Often times, the Public Market is a pretty boring place. The wealthy have credits to spend, but tend to have full storages already, and little interest to buy.
Two things break the monotony of this equilibrium. The first is my collector's drive to obtain all armor and weapons that can be found. The other is when somebody acquires an item of great value, and needs credits for University courses, travel or weapons.
One fine day a young adventurer contacted me through my CORETECHS -- I must have built quite a reputation as a collector. Let's call him MS, for Mysterious Seller.
MS was in the possession of two high-quality doses of Vaccaro-Ibrahim Particles. How this came to be, I don't know, and don't want to ask, just so that I can continue to assume it was perfectly legal.
The first, he used himself. The other, MS sold to me. It didn't take long for us to agree on a price that, I suspect, was far beyond anything he had seen in his life, and worth it for me. 280,000 credits. More than a quarter of a million.
There was just one catch: my mysterious potential seller could not afford the seller's fee of 10%. I took a gamble, and decided to send pay the seller's fee for him. But since the Sarbanes-Poe Act of GCT 104.34, sending the money directly was prohibited. What to do?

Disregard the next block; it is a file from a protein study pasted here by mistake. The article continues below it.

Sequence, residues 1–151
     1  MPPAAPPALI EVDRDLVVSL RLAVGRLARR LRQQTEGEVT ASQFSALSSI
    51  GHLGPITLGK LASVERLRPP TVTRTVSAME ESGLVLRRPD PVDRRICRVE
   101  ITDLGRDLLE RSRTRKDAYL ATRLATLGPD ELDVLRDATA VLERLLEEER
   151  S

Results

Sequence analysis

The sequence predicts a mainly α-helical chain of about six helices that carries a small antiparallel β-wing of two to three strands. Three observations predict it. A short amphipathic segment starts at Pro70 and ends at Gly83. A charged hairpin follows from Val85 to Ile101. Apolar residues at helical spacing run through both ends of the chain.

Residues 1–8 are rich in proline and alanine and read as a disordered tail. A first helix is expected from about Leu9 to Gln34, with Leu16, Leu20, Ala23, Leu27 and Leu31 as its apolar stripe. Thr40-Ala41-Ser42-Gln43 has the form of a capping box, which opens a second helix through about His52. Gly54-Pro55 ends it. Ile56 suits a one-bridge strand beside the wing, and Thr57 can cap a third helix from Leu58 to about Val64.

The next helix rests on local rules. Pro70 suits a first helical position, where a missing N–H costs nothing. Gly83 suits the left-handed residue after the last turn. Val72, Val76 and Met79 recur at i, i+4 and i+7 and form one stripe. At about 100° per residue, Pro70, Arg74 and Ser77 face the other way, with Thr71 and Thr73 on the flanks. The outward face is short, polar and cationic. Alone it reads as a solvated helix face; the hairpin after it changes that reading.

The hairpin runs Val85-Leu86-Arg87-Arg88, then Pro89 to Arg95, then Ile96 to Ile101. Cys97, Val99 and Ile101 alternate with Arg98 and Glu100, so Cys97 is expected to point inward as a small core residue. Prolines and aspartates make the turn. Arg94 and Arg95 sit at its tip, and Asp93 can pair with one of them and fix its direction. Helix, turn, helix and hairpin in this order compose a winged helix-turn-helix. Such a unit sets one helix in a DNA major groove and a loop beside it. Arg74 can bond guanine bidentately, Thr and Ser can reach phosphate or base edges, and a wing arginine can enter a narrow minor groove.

From my own days on Tau Station I remembered that my friend Norbert sold capacitors for less than a credit each. With a bit of coaching, MS quickly got the hang on what he had to do: buy a bunch of capacitors, and sell the first one for 30 credits. I bought it, which enabled him to sell the next one for 300. After that, 3000 credits. And finally, he put another capacitor up on the market for 28,000 credits, which I bought.
Now MS had the capital to sell the Vaccaro-Ibrahim dose, and my heart was racing. Would he actually put it up on the market? Or try to run away with the small fortune I had already given him, in blind faith? Oh sure, if he did that, I'd do my best to track him down and beat him up, but if we stayed on Tau, that might not work, and still, I likely wouldn't get my money back. Or another wealthy collector could snatch it from under my nose, leaving me more than 30k poorer, with only three capacitors to show.
In the end, the trade went through, and MS and me, we celebrated our deal.
Since then, I've heard little of MS, but I will always remember that day I spent 28,000 credits on a capacitor.